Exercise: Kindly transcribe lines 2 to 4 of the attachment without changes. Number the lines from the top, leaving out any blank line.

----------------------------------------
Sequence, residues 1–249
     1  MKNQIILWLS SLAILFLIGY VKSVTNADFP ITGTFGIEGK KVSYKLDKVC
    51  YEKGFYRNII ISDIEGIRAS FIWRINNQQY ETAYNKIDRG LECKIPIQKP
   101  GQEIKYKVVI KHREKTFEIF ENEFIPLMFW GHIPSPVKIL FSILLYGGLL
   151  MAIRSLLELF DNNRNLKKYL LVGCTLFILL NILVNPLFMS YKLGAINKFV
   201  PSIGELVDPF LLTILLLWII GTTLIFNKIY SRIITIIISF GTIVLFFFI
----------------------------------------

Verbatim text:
     1  MKNQIILWLS SLAILFLIGY VKSVTNADFP ITGTFGIEGK KVSYKLDKVC
    51  YEKGFYRNII ISDIEGIRAS FIWRINNQQY ETAYNKIDRG LECKIPIQKP
   101  GQEIKYKVVI KHREKTFEIF ENEFIPLMFW GHIPSPVKIL FSILLYGGLL